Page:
Jones County School District v. Mississippi Department of Revenue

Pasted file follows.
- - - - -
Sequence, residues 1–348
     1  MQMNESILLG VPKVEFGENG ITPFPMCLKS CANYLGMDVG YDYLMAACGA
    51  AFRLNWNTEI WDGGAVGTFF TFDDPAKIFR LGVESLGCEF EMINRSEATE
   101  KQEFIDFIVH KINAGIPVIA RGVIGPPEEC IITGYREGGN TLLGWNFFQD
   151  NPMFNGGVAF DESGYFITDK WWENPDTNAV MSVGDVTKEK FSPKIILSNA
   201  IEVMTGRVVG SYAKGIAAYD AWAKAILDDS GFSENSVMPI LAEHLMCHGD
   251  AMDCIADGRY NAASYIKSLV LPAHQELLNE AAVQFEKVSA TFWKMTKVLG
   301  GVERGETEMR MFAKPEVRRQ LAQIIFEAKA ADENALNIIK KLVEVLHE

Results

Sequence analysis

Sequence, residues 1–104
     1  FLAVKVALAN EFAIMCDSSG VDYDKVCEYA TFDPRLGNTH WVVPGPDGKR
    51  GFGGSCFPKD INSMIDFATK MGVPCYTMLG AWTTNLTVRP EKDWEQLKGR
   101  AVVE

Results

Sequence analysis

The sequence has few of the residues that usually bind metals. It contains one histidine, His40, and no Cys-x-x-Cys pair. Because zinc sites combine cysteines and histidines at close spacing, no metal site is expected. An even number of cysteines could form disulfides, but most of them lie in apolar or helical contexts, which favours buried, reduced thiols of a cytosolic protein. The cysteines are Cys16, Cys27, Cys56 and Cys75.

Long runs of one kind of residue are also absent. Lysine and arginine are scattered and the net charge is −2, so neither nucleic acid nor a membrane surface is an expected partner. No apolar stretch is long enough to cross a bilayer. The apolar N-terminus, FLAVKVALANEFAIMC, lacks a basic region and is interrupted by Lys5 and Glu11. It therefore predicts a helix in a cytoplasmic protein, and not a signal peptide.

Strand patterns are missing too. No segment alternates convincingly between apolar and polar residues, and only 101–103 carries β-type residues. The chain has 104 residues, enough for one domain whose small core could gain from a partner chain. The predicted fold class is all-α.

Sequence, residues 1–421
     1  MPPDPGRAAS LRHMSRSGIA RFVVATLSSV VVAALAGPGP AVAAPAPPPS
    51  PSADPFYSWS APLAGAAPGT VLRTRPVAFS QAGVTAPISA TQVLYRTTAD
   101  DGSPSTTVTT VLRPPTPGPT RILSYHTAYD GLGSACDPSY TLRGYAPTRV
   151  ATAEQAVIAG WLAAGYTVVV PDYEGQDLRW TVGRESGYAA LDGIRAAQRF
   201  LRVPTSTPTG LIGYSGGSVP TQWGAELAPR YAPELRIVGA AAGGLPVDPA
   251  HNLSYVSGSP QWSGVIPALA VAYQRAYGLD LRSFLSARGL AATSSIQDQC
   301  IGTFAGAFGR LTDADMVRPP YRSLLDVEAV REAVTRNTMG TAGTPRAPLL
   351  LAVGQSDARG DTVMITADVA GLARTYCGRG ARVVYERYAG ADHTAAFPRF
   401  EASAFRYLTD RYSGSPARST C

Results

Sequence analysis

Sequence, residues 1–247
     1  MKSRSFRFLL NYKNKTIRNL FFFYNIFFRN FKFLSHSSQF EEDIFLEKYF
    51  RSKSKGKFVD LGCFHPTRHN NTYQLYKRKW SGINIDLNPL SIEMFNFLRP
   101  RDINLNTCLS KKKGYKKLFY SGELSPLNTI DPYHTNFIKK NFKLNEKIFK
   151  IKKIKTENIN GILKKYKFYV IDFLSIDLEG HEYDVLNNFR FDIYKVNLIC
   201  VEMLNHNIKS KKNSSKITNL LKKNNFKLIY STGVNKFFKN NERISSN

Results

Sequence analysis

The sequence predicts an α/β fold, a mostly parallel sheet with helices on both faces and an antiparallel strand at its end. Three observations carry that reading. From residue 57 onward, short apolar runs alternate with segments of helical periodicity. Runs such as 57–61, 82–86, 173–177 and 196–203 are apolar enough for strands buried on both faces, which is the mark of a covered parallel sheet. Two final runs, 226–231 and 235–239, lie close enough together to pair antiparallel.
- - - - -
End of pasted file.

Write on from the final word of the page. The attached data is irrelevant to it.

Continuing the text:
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Three main issues were raised on appeal to the Supreme Court in this case: (1) whether a school district is liable for oil and gas severance taxes on its royalty interests derived from oil and gas production on sixteenth-section land (the chancellor ruled that it is not); (2) whether the statute of limitations restricts the time period in which a school district can seek a refund of severance taxes that it had paid erroneously (the chancellor ruled that a three-year statute of limitations applied to any refund claims); and (3) whether a school district is liable for administrative expense taxes on its royalty interests derived from oil and gas production on sixteenth-section land (the chancellor ruled that it is). Upon review of the applicable code and in consideration of the arguments of the parties to this case, the Supreme Court found that the chancellor's judgment should be affirmed in part and reversed in part: (1) school districts are not liable for oil and gas severance taxes on sixteenth-section royalty interests: school districts, as political subdivisions of the state, are not included within the definition of "persons" made subject to these taxes; (2) pursuant to the Mississippi Constitution, statutes of limitation in civil causes do not run against the state or its subdivisions; and (3) school districts are liable for administrative expense taxes on sixteenth-section royalty interests: "[t]hese assessments are 'fees,' not 'taxes'; the Legislature has expressly made the state and its subdivisions subject to these fees; and no constitutional provision or other law is violated by requiring school districts to pay them." View "Jones County School District v. Mississippi Department of Revenue" on Justia Law